And of course, you can’t forget the acolytes who come forward dragging their feet, completely disconnected, barely able to get through the process before collapsing, exhausted, on the front pew designated for their position.

I know that the lighting of the candles is a symbolic portrayal of “bringing in the light of Christ” to our spiritual gathering. But like most human attempts to honor divine concepts, it is always laced with inadequacy, comedy and apathy.

I am not suggesting we should train and pay acolytes who are more professional in their approach.

But in conclusion, my favorite of all the events was when one of the deacons at a church realized that the trainee acolyte was having difficulty lighting the candle. The deacon ran up to the rescue, tried to light the candle himself using the apparatus, was equally unsuccessful, and so reached into his pocket and pulled out his cigarette lighter, leaned forward to complete the job, had his cigarettes fall out of his pocket, bounce on the altar–and scatter all over the top of the prepared communion.

In the seconds that followed, you could sense the man’s horror. There were probably countless revelations about his character revealed through this single action–and speculation on whether it would be appropriate to remove one of his cigarettes from the holy goblet, nearly rendering him paralyzed.

At length he gathered up his smokes and retreated to his seat to languish in his humiliation.

Being an acolyte is another one of those rites of passage that you have as a young person, which older people tell you is very, very important–but no one ever really mentions … after their eighteenth birthday.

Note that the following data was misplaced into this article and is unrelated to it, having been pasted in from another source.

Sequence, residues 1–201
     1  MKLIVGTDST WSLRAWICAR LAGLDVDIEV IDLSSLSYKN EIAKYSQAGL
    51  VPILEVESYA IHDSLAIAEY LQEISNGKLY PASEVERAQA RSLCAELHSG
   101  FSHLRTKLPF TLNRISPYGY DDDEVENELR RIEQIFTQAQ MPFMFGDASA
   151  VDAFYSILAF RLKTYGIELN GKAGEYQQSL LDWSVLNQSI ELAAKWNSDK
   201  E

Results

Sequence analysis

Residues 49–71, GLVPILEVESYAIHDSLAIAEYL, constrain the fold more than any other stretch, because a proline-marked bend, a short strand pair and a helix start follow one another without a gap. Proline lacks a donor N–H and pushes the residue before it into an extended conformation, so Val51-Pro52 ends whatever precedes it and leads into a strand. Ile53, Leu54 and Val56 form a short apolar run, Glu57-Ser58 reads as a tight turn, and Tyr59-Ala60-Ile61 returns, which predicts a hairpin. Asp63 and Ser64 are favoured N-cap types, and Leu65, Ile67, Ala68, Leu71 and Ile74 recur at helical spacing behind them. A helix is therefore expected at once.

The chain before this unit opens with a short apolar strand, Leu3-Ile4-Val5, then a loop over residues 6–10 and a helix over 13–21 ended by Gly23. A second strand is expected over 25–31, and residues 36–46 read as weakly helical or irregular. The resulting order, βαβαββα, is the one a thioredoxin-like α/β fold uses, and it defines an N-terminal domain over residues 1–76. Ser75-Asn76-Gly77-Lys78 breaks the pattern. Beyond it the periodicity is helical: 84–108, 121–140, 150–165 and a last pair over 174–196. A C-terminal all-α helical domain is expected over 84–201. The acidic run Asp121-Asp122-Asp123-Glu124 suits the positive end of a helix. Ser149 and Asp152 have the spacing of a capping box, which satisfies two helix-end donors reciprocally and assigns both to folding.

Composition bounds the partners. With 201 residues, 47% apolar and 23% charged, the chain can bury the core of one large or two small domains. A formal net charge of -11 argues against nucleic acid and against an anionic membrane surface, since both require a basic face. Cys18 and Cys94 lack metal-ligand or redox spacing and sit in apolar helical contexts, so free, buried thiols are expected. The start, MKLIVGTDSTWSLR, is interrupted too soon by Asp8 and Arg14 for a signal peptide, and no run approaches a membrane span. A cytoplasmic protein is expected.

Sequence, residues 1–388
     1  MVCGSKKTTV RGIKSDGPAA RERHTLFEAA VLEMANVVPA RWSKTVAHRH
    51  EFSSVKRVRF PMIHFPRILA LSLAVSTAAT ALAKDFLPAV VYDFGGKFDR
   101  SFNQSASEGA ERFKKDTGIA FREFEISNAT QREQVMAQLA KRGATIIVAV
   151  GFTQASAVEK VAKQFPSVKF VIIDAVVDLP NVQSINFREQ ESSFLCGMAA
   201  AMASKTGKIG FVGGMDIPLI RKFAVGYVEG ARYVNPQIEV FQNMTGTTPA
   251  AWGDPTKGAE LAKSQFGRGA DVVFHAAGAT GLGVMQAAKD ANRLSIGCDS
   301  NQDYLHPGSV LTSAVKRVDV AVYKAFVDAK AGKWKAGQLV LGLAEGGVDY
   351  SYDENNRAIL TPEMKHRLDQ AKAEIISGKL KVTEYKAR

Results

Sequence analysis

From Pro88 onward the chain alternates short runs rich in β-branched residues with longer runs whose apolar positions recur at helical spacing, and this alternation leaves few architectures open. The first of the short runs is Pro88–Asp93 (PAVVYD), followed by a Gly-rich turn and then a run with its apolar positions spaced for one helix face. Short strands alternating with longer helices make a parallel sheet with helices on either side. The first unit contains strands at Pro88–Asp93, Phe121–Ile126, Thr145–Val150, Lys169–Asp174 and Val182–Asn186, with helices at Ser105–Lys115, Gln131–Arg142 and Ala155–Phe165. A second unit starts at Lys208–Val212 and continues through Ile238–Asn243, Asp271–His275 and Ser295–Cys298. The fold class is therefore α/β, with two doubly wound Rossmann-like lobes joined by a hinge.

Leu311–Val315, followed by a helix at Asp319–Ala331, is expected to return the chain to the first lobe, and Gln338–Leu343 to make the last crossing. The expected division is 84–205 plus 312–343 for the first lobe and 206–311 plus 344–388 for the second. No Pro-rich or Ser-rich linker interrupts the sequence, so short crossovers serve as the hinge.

Accusation

by J. R. Practix

dictionary with letter A

Accusation: (n.) a charge or claim that someone has done something illegal or wrong.

Does an accusation have to be true?

Or is an accusation speculation by definition?

And if it is true, is it sometimes necessary to bring an accusation against someone to clear the air, to make sure some benefit can be derived from the experience?

Or does the action of bringing an accusation make you an ass whether it is true OR false?

Is there anyone in history who was an accuser who is now revered as being valuable and noble?

Is there a different route that can be taken to expose stupidity without using the act of accusation?

Is accusation what jealous people do to slow down the progress of those who appear to be surpassing their notoriety?

Is there a different word than “accusation” that would cover exposure of a misdeed?

Can an accusation be made nicely?

Can an accusation be made without pointing one’s finger?

Is it possible to make an accusation without drawing attention to your own inadequacies?

Do we believe that God makes accusations against human beings? And if He does, is it fair for Him to accuse us when He has a divine advantage?

So is there an upside to accusation?

Are we better off keeping our nose to the grindstone and pursuing our dreams without trying to critique the efforts of those pulling a load nearby?

Is it possible to ask too many questions about “accusation” before you become totally obnoxious–AND  a victim of the same action?

Accusation–it is a decision to pursue a point of attack, making sure that you have all of your bases covered for the backlash that certainly will follow.